Talking with Horses

OK, world! I have finally done it. It has taken me ten years but I have dared to write a book outlining my belief that there are some of us who can talk with horses. With the same precision as we can talk with each other. I have taken the not-unusual approach of wrapping my theories around a story called TALKING WITH HORSES. Call it an “historical novel,” if it needs a description. I grew up in the Australian Outback, where horses were an everyday part of my life. I somehow always knew what they were thinking – or not thinking. But it was not something I discussed openly, for fear of being branded a “nut”. So it became my “thing”. It also became for me, well, normal. So through the decades and through the many countries where I have lived I have enjoyed this special relationship with horses. My definition of “poor” is not having access to a horse. I have therefore never been “poor,” although I have been broke many times. To me there is a huge difference between having no money, and having no access to a horse. Take my money, but don’t take my horse!  A fascination with the human brain over the years lead me to research that gave some explanation to my long held beliefs. We each have a brain that functions uniquely. The brains of people with autism function in ways not at all like those of “normal” people. Turns out, the electromagnetic field produced by the autistic brain is in many ways compatible with the field produced by the equine brain. No surprise then, that those with autism have a clearer path to communication with animals. To my knowledge I am not autistic, but how would I know if I was just a “little bit” autistic? TALKING WITH HORSES is an attempt to open a dialogue on this very deep subject. We have much to learn. The horse is 55 million years old, man in recognizable form is about five million years old, and man has been riding horse for only 6,000 years.  Which means if 55 million years represents a mile, we have been riding horses for somewhere over six inches. Bottom line is they know a lot more about us than we know about them.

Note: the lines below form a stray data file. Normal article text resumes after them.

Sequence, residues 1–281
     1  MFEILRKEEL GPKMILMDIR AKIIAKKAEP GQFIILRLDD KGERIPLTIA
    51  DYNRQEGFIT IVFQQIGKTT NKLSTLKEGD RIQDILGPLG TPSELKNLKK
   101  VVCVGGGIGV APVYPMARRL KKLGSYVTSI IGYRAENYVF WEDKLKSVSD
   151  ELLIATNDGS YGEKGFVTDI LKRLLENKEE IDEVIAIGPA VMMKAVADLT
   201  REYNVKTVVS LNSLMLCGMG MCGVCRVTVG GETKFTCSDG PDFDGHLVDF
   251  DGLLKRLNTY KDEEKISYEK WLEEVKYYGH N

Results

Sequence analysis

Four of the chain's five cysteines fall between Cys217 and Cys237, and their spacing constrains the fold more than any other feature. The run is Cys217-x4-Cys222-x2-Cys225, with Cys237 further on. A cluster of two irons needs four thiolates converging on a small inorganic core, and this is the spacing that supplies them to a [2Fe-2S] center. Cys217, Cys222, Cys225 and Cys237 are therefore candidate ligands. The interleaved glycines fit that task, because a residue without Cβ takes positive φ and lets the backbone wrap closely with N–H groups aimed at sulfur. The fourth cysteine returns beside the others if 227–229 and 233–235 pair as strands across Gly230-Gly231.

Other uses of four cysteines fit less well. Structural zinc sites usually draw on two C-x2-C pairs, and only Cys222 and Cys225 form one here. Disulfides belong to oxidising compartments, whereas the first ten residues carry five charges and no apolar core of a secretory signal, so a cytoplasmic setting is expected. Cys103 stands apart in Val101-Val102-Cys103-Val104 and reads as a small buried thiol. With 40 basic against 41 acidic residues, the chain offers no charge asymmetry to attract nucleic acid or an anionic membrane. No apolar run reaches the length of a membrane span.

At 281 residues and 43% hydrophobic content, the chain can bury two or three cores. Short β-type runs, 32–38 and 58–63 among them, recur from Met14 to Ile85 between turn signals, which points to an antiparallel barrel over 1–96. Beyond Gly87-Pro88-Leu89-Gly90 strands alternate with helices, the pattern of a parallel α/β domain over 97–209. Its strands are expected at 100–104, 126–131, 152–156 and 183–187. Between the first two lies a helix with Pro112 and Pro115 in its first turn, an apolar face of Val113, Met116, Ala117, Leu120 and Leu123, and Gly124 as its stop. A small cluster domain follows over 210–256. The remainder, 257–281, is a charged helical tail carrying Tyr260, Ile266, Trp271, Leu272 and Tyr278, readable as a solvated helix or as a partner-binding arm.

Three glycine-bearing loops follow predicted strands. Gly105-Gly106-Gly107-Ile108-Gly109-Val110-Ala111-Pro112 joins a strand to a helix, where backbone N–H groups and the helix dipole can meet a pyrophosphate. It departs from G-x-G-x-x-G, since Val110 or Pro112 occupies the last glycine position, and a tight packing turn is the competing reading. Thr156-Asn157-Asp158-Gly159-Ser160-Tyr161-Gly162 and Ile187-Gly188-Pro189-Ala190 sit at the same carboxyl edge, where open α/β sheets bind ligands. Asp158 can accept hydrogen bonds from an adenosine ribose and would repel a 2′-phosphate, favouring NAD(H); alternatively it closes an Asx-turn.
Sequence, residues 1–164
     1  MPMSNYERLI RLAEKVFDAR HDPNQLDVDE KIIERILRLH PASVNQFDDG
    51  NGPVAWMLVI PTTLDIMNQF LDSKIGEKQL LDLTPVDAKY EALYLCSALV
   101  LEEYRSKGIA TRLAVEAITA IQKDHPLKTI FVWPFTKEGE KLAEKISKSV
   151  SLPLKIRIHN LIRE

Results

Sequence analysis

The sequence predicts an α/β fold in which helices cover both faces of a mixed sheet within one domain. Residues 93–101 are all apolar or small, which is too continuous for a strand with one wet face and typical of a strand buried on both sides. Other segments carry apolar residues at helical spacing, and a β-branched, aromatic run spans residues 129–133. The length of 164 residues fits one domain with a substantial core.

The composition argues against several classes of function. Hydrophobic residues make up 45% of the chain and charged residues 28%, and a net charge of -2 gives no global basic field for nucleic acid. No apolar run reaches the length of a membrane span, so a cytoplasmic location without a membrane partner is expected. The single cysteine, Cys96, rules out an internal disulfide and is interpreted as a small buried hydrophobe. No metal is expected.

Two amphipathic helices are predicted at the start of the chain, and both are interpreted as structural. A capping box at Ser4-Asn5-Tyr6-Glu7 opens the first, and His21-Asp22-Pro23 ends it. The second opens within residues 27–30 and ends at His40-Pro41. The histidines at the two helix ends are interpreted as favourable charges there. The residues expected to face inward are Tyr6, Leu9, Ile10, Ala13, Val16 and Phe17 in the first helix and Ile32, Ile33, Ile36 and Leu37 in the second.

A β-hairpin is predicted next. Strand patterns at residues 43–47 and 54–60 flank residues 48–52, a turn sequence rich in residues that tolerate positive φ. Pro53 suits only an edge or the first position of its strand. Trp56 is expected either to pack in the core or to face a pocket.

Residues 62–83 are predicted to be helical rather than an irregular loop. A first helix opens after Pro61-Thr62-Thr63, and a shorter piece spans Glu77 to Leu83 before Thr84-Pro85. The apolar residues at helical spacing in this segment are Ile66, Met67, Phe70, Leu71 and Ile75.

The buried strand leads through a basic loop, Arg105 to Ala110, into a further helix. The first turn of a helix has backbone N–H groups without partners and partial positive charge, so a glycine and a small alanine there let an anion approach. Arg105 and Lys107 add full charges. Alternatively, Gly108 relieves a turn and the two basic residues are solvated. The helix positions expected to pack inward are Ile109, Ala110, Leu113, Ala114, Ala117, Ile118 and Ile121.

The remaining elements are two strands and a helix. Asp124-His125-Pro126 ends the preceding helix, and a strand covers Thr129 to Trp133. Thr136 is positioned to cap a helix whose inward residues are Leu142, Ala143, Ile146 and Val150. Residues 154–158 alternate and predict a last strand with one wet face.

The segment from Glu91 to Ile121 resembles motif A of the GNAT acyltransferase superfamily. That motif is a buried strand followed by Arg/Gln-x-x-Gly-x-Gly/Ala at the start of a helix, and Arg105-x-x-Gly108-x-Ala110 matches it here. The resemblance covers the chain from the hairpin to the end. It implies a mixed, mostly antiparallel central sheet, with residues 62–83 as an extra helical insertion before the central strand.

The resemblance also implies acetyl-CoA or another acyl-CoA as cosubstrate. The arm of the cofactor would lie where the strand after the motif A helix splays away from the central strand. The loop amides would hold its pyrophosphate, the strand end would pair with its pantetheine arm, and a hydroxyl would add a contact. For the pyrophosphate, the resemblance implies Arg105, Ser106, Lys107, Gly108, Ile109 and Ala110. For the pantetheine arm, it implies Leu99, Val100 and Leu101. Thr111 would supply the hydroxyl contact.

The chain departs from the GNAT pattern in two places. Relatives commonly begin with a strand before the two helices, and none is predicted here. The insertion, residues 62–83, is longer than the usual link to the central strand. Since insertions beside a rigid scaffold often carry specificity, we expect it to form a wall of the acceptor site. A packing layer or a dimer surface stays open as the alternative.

Stay tuned,

And thanks,

Colin Dangaard